Attitudes and behaviours

Safety culture is critical to ensuring safe activity on the water

It is difficult and time consuming to get right, but you know it when you see it. 

You will find many definitions out there, but safety culture is likely to include

  • Communication about safety issues founded on mutual trust
  • Shared perceptions about the importance of safety
  • Confidence in the measures in place
  • Attitudes and behaviours of everyone involved – procedures are followed, incidents highlighted, lessons learned
  • Competencies of everyone involved - proven skills, ability and knowledge

Look for:

Commitment and visibility

The time, budget and people committed to managing safety on the water and the active involvement of those that lead the organisation and have lead responsibility for safety.

Communication and involvement

Safety on the water is part of everyday conversations – questions are asked and responded to; and anyone is able to raise concerns, they are actively listened to and taken seriously. Staff and volunteers on the water see safety as a joint exercise, and they are involved in managing risk, identifying issues and improving practice.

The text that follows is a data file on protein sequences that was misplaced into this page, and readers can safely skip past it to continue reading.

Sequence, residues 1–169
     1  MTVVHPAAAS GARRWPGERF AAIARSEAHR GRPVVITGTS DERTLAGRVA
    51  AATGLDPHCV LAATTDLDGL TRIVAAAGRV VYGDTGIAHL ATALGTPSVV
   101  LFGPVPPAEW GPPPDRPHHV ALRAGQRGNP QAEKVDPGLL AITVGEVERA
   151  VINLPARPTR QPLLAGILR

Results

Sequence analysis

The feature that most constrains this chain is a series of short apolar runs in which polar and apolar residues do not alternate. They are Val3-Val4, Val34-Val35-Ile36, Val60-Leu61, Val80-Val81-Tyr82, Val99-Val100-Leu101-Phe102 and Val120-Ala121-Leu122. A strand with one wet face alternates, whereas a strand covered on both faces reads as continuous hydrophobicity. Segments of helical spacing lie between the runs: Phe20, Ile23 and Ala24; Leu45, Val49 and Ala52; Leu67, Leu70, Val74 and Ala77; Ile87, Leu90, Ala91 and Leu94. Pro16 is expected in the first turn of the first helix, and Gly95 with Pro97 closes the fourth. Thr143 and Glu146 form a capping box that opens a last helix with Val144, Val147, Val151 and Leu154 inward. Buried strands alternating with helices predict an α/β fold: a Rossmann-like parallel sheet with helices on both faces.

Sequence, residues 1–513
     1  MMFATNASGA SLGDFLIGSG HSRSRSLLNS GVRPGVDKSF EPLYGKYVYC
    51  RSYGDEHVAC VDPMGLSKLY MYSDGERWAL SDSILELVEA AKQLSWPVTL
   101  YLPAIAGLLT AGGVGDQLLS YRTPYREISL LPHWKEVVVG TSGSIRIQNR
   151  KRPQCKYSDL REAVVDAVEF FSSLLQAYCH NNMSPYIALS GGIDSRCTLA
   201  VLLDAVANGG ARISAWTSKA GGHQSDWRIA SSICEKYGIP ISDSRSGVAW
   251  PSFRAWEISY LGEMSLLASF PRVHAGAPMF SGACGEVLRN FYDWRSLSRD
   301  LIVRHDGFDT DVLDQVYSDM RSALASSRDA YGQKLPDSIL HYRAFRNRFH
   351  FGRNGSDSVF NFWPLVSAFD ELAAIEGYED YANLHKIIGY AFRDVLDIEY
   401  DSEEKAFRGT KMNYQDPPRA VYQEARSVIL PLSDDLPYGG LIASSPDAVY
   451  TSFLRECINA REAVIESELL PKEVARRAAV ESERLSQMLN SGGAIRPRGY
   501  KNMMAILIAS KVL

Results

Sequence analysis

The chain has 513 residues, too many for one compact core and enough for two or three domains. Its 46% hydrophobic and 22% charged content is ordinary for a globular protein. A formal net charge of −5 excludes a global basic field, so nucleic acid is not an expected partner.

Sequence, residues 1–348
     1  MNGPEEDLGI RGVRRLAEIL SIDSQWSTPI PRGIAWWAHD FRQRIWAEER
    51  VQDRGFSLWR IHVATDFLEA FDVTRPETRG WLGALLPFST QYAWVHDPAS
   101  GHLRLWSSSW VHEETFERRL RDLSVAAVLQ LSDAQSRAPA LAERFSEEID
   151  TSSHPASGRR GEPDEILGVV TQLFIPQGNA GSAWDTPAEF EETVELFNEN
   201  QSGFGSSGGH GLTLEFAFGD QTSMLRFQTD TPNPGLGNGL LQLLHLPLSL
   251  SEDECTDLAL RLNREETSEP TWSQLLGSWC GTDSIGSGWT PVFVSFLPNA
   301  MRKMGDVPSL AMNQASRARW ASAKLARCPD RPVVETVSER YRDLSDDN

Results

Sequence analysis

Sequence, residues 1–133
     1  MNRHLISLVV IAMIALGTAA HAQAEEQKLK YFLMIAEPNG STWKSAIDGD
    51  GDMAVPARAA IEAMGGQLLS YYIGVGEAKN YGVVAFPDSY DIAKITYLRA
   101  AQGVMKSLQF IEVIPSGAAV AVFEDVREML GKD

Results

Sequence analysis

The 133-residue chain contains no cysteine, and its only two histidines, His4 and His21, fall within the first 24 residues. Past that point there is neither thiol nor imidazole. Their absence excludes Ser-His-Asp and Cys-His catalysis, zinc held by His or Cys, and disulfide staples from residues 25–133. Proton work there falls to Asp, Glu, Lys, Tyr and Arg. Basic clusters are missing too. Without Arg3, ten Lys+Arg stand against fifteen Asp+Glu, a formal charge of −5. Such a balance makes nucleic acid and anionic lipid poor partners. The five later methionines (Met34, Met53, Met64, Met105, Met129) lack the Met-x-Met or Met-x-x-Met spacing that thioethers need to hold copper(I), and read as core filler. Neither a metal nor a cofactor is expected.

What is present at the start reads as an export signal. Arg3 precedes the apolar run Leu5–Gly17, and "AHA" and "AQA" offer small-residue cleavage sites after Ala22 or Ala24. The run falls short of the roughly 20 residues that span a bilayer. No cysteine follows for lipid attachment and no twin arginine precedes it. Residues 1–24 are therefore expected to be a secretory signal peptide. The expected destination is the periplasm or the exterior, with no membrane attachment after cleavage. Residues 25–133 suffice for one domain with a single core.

Questions to ask - Attitudes and behaviours

Where is safety perceived to be in the organisation’s priorities?


Do people know who is responsible for safety?


How does everyone involved know this?


Is safety on the water part of the day-to-day conversations?


Are safety issues dealt with quickly?


Do decisions and checks about safety rely on one person and their judgement or are they backed by good processes and others either checking what is being done or endorsing the framework for decisions?


How are staff / volunteers involved in safety?


Are unsafe acts challenged?





Safety management system